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People with lowered immune systems and chronic inflammation diseases need particular attention in protecting themselves against all types of viruses, and COVID-19 in particular.
With six out of 10 adults dealing with chronic conditions, the U.S. should provide additional support and testing resources to vulnerable communities and their healthcare providers in order to contain the epidemic and its consequences.
James Hamblin of the Atlantic articulated in his piece about the virus how “you’re likely to have the Corona Virus but most cases aren’t life-threatening, which makes it difficult to contain.”
An effective prevention plan needs to go beyond reducing risk through washing hands and avoiding crowded areas. It should be prioritizing boosting immunity in vulnerable people with chronic inflammation. Public Service Announcements about nutrition and sleep would be reinforcing what scientific evidence proved effective in reinforcing the human immune system.
Since the virus outbreak, we’ve heard from our community about wanting to learn more about effective ways to improve their immunity. We worked on putting together an immunity-boosting program but, for the sake of clarity, we wanted to articulate the mechanics of how immunity works and how it relates to chronic conditions and inflammation in this article.
The CDC reports that 60 percent of Americans deal with a chronic disease, of which two thirds deal with at least two. This includes chronic illnesses such as cardiovascular disease, cancer, diabetes, and chronic respiratory issues.
Despite the different ways in which they affect our bodies, most chronic diseases share a common trait: high inflammation combined with altered cell immune functions.
Public health debates are often separating chronic diseases (non-communicable) from infectious ones (communicable). While this distinction has many merits, it omits the fact that chronic conditions are often a threat to our individual immune system, hence making us collectively more vulnerable to infectious diseases.
Someone with a weakened immune system is more vulnerable to infections. The symptoms of a weak immune system include:
Since people with immune challenges have higher vulnerability, an effective response to the coronavirus outbreak requires comprehensive science-backed immune-building strategies.
The risk each person carries changes based on each person’s individual immunity level, which is directly linked to the level of inflammation.
Inflammation is the body’s first sign of something wrong, from a viral infection to a wound.
In the case of a viral infection, the infected cells are decorated with components of the virus. This decoration indicates to the immune system that the cell is no longer normal and must be eliminated.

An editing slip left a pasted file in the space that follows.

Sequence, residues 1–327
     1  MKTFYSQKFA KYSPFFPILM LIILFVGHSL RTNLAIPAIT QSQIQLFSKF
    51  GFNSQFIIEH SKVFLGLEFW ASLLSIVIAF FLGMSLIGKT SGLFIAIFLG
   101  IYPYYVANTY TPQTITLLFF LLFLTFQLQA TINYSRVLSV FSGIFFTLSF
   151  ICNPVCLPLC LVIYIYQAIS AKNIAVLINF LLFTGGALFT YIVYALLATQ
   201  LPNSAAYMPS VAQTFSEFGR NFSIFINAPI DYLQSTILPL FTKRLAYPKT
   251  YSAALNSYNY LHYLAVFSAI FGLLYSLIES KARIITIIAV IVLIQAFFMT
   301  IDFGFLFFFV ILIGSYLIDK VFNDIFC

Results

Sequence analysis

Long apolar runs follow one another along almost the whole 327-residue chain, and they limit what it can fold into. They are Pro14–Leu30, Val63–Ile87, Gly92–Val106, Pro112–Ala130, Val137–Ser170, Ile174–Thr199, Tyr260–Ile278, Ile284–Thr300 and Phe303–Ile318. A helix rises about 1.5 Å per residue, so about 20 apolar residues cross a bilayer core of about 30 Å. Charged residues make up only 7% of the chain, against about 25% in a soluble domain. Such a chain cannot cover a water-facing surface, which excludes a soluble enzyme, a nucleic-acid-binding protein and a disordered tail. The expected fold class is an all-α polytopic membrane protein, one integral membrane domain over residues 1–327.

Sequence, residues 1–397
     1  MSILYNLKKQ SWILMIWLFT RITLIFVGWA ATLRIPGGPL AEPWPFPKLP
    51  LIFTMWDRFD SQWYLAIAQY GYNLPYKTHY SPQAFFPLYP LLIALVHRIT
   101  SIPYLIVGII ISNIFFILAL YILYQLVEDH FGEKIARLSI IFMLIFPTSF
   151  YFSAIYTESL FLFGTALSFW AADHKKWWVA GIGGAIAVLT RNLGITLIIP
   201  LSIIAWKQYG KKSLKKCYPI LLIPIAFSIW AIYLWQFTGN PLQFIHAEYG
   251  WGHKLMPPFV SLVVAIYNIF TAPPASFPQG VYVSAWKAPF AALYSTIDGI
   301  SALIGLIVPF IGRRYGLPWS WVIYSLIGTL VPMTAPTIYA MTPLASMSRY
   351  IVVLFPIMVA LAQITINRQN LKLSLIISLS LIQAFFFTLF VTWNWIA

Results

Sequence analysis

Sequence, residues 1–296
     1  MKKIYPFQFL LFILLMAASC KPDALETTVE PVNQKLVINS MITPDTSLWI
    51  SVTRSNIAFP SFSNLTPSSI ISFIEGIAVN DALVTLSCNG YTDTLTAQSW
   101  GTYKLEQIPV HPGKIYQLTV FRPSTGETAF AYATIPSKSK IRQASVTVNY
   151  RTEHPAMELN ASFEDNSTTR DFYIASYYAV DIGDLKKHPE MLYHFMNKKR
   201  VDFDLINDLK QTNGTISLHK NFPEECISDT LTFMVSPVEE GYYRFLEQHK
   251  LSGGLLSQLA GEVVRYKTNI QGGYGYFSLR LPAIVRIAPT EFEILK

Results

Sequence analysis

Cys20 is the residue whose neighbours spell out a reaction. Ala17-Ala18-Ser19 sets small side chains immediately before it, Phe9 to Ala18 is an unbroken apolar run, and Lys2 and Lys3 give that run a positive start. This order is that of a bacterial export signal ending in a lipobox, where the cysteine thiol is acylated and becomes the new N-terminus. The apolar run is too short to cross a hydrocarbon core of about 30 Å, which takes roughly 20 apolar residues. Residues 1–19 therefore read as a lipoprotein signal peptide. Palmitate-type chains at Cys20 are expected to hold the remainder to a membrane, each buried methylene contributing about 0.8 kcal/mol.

In the presence of chronic inflammation (as seen in over half of Americans with chronic illness) the immune system is “always-on” and tires over time.
In a 2013 study, Nobel prize winner, Elizabeth Blackburn, found that increased exposure to inflammation also results in the shortening of telomeres, the cap at the end of our chromosomes that protect against age-related diseases. Shorter telomeres have been associated with “poor health behaviors, age-related diseases, and early mortality.”
Reducing inflammation is the body’s first line of defense to strengthen its immune system and help it function properly. It also slows the shortening of protective telomeres against age-related diseases.
Blackburn’s studies show nutrition plays a critical role in lowering inflammation and protecting the immune system both short-term and long-term.
When the immune system is under attack, it needs energy to fight microbial infections and inflammation. Micro and macronutrients provide energy for the immune system to work properly and efficiently.
In clinical trials, optimal nutrient mixes showed evidence of improving gut health and reducing inflammation. The immune system resides in the microbiome and its strength has a direct impact from the health of good bacteria.
Diets rich in prebiotic fibers from vegetables and fruits feed good bacteria in the microbiome keeping the immune system strong and inflammation low.
Fruits and vegetables are also packed with antioxidants like carotenoids and flavonoids that protect cells from inflammation-related damage, boost killer T-cell functioning and immune response to threats.
A plant-based diet rich in rainbow-colored fruits and vegetables contains multiple immunity-enhancing qualities to protect against viruses, reduce inflammation-related damage of cells and shortening of telomeres, and support an overall healthy microbiome.
At WeTheTrillions, we are on a mission to help millions of people take a proactive and preventive approach to their own health. We launched a 30-day immunity-boosting snacking program. We designed it to give an easy option for people looking to access the micronutrients required to sustain good health or reverse and manage a challenging one.
The WeTheTrillions immunity-focused program is nationwide and enrollment started today.
While optimal nutrition is essential to build immunity, we highly encourage following the CDC guidelines to face the COVID-19 outbreak and not to hesitate getting tested should you have fever, flu-like symptoms, or a cough.
For immediate prevention, the CDC recommends:
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